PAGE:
E&Y ICO Findings
In their recent ICO report ‘The Class of 2017 – one year later’ Ernst and Young painted a grim picture of the performance of the ICO sector. Furthermore, it found that the ICO sector was fraught with high fraud risk and theft. To make matters worse, startups embarking on ICOs were found to be providing would-be investors with inaccurate information about their project to boost investments. In such cases, the failure of investors to conduct thorough ICO research is tantamount to coin flipping.
A Perspective on E&Y’s Findings
To put these findings into perspective, The ICO sector has long been considered as an ultra-high-risk asset class. However, the results are not that different to the Venture Capital and Angel Investing sectors. According to an Inc. report Harvard professor Shikhar Ghosh claims that 75% of U.S. VC-funded startups fail. Moreover, it has become an accepted rule-of-thumb that nine out of ten startups to fail within the first five years. This suggests that the high-risk ICO market may not be that much riskier than Angel Investing or Venture Capital.
We can conclude from this that the performance of ICOs is more newsworthy than that of other investment classes. Moreover, like most bad news stories, good news tends to be drowned out by the noise. The reality is that some ICOs performed well and are reporting profits. including Binance, Tezos, Tron, and Basic Attention Token.
The thing that is unnerving, however, is the high level of fraud risk and theft in the sector. Also the inaccuracy of the information offered to investors. So how can you mitigate this risk?
Banish the Coin Flip
Many of the key risks found in ICO investing — such as falling for a scam or choosing a project with a low likelihood of success — can be largely mitigated if the flipping of a coin is substituted by subjective research prior to investing. But first of all you need to understand where to focus your research efforts.
Media Shower’s ICO Manifesto for Founders, which is sort of a bible for prospective ICO founders (it certainly looks like a bible) states that the three most important factors in any digital token sale are:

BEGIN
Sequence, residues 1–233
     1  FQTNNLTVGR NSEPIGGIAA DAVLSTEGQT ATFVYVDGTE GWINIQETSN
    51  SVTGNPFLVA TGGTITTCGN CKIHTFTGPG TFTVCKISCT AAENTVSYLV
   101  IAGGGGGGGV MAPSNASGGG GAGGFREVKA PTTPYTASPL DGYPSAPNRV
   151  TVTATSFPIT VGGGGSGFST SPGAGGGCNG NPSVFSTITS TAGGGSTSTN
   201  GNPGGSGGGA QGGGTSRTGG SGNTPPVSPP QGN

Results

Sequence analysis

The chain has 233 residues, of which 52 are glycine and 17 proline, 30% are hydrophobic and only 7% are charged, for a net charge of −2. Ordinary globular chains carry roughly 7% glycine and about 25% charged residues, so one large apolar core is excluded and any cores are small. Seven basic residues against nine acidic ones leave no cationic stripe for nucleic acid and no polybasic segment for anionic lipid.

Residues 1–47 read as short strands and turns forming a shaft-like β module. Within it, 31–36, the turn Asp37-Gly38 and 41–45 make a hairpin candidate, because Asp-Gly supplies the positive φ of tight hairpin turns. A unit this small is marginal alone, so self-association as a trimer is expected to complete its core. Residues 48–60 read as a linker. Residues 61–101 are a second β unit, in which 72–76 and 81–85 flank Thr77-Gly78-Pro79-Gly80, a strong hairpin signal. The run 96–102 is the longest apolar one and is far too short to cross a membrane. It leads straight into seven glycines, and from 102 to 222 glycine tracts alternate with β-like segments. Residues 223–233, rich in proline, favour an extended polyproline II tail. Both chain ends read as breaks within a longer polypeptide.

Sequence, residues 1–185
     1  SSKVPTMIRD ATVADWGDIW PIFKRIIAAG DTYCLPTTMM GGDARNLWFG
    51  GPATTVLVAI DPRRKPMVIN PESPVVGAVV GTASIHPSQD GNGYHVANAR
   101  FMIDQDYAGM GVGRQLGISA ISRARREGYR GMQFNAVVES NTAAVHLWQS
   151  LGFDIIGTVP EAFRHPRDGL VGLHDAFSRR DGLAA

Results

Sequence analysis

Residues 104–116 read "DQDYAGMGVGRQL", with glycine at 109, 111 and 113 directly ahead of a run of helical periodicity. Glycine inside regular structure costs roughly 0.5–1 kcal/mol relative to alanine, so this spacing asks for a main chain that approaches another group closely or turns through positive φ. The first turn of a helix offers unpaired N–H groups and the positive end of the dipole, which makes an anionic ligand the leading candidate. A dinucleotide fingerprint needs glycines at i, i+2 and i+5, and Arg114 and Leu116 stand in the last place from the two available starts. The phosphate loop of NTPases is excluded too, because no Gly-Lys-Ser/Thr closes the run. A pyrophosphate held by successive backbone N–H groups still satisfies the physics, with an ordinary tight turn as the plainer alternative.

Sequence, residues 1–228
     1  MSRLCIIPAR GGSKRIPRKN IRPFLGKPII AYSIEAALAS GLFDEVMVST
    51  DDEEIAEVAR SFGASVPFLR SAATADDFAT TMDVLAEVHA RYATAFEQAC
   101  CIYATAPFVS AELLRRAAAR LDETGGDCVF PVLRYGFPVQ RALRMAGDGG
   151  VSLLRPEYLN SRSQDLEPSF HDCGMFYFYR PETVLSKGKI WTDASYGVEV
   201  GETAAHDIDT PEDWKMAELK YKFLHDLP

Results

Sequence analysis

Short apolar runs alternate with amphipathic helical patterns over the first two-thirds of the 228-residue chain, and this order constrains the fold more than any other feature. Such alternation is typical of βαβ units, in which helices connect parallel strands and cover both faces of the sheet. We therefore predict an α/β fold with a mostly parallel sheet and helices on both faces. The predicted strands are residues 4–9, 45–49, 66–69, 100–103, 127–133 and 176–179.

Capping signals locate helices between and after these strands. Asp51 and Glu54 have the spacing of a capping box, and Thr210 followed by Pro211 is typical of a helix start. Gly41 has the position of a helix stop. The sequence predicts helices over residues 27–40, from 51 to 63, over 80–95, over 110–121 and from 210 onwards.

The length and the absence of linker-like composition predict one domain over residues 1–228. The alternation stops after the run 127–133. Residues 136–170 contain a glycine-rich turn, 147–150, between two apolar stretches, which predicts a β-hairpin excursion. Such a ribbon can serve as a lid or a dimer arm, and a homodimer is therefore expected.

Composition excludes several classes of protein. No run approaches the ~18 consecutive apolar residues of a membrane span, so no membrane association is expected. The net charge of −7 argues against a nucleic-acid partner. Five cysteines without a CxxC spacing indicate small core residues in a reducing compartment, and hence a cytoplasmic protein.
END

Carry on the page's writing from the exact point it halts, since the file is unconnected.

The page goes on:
Research the People
Let’s consider people & PR. One of the most effective ways to do your research is to use social media. On the people front, find out everything you can about the team, especially the development team and the advisory board. Look up each team member for relevant experience. Google their names. Visit their LinkedIn profiles. Find out if the team has any crypto experience. Even more importantly – find out which projects, or ICOs, they were involved with and the impact they had.
Analyse the PR
On the PR front I’d like to quote Oscar Wilde. “There is only one thing worse than being talked about – and that’s not being talked about”
Nothing is truer when it comes to ICOs. Thanks to Twitter on one hand, and Bitcointalk on the other, being talked about is a key success factor. You will find plenty of posts to give you a feel for what is being said about an ICO – positive or negative. Moreover, there are many other news sites, forums and blogs to read. In fact, you could go stir crazy from the sheer noise that is generated online, but you can be sure of one thing – you’ll learn a lot about your ICO if you invest the time.
A Tool to Turbo Charge your Analysis
If the thought of wading through so much data is a stumbling block, I would recommend the Causality ICO Analyzer for turbo charging this essential activity The ICO Analyzer consumes ICO related data from major social media channels, news, online forums, blogs, the ethereum blockchain, major exchanges, ICO listing & rating sites, and website ranking services. The insights generated, and the underlying transformed data are made available to users via an interactive web-based dashboard. It’s really cool.
If you do the research, you’ll increase your chances of finding ICOs that return a profit. Much better than flipping a coin!
Also published on Medium.